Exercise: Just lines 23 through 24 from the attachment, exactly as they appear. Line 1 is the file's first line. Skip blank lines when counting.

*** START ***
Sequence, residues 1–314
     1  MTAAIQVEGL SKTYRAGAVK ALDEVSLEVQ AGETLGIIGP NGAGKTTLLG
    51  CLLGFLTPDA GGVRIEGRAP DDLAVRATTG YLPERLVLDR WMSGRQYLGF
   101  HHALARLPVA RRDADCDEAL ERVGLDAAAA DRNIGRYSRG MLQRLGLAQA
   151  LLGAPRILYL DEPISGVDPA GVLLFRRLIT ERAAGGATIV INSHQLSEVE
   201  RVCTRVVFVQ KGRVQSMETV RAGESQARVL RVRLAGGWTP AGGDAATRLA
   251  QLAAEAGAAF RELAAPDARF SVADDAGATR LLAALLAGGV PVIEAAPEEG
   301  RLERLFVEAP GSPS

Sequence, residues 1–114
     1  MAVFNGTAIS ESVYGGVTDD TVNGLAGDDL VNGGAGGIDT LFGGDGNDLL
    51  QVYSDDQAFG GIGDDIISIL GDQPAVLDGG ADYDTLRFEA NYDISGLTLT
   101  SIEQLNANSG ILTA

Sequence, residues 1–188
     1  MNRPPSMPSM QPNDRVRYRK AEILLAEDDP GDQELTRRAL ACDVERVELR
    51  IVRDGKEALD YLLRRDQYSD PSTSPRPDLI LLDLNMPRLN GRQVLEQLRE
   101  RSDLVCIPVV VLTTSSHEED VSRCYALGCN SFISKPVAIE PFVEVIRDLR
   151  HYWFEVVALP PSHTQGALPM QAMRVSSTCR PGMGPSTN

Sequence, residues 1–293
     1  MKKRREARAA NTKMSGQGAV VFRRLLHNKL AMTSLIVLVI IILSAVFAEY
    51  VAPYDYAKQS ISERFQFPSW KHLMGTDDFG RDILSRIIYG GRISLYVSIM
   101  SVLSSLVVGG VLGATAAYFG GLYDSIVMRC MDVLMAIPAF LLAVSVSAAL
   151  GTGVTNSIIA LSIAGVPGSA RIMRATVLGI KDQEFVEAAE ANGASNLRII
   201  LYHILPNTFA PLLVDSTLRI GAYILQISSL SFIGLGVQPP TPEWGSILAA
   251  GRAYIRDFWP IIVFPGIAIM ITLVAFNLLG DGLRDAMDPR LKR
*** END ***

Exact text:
   201  LYHILPNTFA PLLVDSTLRI GAYILQISSL SFIGLGVQPP TPEWGSILAA
   251  GRAYIRDFWP IIVFPGIAIM ITLVAFNLLG DGLRDAMDPR LKR